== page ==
A few years back, when I visited Barcelona on an editorial trip—and fell in love with the works of Merce Rodoreda and Quim Monzo, along with Spanish wine, tapas, and the entire Catalan culture—Jaume Cabre’s massive book Les veus del Pamano had recently come out. It sounded pretty interesting, but for a variety of reasons, we couldn’t get it on our list. So I’m really glad that someone else is making some of his work available. Winter Journey is supposedly a collection of short stories, but according to Swan Isle it is “a singularly brilliant and enigmatic narrative, novelistic in its approach, with mysterious connections linking characters, objects, and ideas across time and place. The text takes the form of a Schubertian musical progression in prose, a philosophical mystery moving freely through a labyrinth of centuries and cities, historical and contemporary.”
Tomorrow we’ll look at August . . .
Three Fates Linda Le Mark Polizzotti New Directions
Prose translators will likely disagree, but I believe translating poetry requires a significant level of talent, a commitment to the text, and near mania, all of which suggests that the undertaking is the greatest possible challenge. The task is to. . .
The biggest issues with books like The Subsidiary often have to do with their underpinnings—when we learn that Georges Perec wrote La Disparition without once using the letter E, we are impressed. Imagine such a task! It takes a high. . .
Following The Infatuations, Javier Marías’s latest novel seems, like those that have preceded it, an experiment to test fiction’s capacity to mesmerize with sombre-sexy atmospheres and ruminative elongated sentences stretched across windowless walls of paragraphs. Thus Bad Begins offers his. . .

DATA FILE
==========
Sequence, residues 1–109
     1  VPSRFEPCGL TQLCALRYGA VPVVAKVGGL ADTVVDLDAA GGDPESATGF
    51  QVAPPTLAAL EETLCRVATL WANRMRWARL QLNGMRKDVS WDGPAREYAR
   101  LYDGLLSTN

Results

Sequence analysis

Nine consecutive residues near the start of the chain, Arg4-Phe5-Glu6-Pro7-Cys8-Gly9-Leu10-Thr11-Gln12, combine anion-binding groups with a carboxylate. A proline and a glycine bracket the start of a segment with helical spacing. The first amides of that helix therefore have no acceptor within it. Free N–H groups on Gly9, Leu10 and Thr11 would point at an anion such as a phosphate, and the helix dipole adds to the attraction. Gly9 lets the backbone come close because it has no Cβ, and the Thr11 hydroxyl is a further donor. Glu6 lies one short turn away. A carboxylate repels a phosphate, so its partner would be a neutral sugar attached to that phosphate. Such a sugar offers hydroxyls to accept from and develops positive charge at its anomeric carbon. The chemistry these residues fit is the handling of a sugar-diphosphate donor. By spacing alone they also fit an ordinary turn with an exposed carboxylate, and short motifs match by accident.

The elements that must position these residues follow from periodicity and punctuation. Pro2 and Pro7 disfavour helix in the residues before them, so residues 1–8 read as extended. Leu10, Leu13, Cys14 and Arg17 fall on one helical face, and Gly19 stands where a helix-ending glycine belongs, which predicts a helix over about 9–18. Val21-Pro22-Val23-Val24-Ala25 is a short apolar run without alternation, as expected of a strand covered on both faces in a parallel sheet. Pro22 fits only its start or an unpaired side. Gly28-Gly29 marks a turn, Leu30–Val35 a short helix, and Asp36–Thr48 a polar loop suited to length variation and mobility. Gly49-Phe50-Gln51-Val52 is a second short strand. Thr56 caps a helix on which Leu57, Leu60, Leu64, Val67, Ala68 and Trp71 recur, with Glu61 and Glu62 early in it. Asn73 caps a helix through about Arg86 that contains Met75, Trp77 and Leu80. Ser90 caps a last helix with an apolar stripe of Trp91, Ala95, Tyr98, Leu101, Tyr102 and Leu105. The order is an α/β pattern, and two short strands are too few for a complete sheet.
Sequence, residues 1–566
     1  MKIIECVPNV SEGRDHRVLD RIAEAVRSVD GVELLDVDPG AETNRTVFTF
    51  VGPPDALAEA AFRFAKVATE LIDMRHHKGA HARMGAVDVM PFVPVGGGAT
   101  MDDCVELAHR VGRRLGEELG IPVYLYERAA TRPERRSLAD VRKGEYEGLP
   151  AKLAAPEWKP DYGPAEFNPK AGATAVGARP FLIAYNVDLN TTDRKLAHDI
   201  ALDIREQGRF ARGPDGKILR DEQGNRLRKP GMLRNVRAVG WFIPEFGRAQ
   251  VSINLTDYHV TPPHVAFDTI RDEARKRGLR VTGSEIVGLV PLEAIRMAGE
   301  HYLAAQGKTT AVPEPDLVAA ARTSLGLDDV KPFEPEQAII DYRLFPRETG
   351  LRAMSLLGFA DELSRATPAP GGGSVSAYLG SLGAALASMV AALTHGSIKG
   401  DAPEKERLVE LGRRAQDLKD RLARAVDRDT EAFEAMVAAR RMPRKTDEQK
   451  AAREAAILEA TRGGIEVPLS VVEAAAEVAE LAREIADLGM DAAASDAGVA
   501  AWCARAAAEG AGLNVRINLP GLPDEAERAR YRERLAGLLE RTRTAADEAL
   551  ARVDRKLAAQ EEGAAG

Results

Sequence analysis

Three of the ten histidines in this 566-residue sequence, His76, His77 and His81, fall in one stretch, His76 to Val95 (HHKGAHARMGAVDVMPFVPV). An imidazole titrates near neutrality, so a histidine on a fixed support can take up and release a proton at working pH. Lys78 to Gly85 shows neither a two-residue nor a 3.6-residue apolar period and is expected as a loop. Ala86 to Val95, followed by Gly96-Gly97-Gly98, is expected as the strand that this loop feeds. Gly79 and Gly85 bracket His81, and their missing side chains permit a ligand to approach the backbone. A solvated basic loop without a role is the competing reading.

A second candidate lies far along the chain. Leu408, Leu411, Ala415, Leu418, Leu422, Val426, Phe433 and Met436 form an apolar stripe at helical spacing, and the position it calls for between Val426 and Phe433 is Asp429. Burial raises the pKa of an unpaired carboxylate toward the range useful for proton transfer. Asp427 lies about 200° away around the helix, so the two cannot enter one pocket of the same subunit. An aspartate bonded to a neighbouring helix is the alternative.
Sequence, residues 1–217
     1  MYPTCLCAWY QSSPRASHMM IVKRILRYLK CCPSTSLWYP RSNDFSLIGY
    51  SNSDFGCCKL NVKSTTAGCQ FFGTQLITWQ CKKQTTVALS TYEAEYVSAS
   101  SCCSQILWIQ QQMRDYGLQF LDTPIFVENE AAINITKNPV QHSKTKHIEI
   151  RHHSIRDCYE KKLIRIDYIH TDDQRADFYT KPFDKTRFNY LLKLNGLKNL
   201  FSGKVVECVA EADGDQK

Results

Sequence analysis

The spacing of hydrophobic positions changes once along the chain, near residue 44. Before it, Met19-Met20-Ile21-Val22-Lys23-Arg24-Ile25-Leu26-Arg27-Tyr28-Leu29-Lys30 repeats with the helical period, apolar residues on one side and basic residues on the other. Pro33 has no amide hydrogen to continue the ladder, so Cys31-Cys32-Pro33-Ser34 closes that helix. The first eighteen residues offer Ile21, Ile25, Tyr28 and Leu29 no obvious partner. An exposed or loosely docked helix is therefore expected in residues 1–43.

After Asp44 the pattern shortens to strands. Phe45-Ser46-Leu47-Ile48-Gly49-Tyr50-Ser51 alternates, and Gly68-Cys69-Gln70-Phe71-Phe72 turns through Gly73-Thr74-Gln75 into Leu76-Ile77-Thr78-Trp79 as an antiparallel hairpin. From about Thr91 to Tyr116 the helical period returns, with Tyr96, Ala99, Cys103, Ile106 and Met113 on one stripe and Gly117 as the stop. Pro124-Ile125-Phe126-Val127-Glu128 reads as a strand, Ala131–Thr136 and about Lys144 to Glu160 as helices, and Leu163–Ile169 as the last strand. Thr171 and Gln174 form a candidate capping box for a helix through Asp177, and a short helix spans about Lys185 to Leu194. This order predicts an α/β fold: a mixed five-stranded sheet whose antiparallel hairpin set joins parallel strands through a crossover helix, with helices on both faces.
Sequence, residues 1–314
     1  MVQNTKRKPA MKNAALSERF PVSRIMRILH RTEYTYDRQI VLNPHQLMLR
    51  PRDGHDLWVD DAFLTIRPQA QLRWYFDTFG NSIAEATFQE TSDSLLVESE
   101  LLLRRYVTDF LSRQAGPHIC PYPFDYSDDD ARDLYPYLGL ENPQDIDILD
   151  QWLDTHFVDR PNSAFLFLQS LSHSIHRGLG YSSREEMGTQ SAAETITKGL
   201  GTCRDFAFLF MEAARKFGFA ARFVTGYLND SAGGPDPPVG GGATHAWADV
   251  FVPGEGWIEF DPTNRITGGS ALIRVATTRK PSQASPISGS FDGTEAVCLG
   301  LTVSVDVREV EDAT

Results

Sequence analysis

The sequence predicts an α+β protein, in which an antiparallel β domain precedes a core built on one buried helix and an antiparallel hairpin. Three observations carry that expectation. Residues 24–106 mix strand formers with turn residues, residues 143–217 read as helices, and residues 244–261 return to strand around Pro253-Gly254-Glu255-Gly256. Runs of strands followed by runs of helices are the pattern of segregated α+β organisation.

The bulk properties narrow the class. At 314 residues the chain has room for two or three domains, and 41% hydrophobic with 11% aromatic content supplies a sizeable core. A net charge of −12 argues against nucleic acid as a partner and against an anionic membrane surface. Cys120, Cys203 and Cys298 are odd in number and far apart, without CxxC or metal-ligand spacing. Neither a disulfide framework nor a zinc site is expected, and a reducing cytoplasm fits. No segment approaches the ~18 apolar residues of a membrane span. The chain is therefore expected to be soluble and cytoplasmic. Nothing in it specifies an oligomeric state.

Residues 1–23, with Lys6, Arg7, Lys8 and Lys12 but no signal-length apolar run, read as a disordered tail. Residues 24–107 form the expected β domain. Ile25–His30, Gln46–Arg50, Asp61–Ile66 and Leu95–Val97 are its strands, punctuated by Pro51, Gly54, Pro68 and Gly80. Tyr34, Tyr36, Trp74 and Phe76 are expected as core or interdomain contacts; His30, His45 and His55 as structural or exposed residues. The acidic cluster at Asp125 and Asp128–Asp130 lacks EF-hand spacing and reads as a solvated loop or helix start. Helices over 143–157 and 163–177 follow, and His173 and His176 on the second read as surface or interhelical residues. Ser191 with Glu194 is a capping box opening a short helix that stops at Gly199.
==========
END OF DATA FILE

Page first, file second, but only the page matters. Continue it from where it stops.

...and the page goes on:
Death by Water, Kenzaburo Oe’s latest novel to be translated into English, practically begs you to read it as autobiography. Like The Changeling, as well as many other works not yet released in English, Death by Water is narrated in. . .
Jocelyne Saucier’s Twenty-One Cardinals is about the type of unique, indestructible, and often tragic loyalty only found in families. For a brief but stunningly mesmerizing 169 pages, Twenty-One Cardinals invited me in to the haunting and intimate world of the. . .
We know so very little; so little that what we think to be knowledge is hardly worth reckoning with at all; instead we ought to settle for being pleasantly surprised if, on the edge of things, against all expectations, our. . .
Many of Virginie Despentes’s books revolve around the same central idea: “To be born a woman [is] the worst fate in practically every society.” But this message is nearly always packaged in easy-to-read books that fill you with the pleasure. . .
Ilja Leonard Pfeijffer’s La Superba is appropriately titled after the Italian city of Genoa, where, after escaping the pressures of fame in his own country, the semi-autobiographical narrator finds himself cataloguing the experiences of its mesmerizing inhabitants with the intention. . .
It took reading 44 pages of Intervenir/Intervene before I began to get a sense of what Dolores Dorantes and Rodrigo Flores Sánchez were up to. Recurring throughout these 44 pages—throughout the entire book—are shovels, shovel smacks to the face, lobelias—aha!. . .
As presaged by its title, contradiction is the theme of Peter Stamm’s novel, All Days Are Night. Gillian, a well-known television personality, remains unknowable to herself. And Hubert, a frustrated artist and Gillian’s lover, creates art through the process of. . .